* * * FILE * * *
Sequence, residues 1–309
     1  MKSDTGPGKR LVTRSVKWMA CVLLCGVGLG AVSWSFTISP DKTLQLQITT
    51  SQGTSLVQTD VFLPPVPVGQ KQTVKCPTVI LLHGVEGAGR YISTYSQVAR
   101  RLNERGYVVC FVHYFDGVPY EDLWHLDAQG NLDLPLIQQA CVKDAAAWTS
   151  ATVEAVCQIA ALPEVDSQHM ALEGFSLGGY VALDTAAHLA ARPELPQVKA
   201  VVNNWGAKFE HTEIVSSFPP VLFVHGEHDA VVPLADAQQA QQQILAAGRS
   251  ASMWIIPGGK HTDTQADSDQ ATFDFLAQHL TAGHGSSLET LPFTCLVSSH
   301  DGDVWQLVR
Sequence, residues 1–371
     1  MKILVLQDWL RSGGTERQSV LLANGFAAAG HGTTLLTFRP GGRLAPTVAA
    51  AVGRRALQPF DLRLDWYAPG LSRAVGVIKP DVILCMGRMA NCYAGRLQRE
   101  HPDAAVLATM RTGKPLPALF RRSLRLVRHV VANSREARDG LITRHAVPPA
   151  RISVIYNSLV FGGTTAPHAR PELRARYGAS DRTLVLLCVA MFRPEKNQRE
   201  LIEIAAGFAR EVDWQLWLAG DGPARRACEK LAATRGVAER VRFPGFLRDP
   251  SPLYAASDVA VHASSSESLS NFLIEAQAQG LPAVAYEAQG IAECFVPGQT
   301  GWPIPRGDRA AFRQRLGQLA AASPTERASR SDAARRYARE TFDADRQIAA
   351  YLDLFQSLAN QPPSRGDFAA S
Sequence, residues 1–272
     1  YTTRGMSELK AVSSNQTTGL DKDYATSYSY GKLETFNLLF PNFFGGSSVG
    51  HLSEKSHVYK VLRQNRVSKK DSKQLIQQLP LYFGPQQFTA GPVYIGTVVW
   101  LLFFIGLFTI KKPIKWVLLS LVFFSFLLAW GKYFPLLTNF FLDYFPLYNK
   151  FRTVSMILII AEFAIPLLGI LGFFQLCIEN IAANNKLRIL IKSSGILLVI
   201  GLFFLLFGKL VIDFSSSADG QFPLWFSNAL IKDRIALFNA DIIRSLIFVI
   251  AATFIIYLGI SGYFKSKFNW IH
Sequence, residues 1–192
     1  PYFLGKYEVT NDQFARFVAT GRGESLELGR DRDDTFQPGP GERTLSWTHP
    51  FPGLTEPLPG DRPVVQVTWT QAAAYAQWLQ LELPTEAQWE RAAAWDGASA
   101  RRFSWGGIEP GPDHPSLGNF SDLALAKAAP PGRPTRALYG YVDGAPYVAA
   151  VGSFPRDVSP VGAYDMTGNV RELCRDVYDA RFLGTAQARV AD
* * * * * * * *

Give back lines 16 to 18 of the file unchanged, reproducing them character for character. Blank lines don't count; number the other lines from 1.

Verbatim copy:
   301  GWPIPRGDRA AFRQRLGQLA AASPTERASR SDAARRYARE TFDADRQIAA
   351  YLDLFQSLAN QPPSRGDFAA S
Sequence, residues 1–272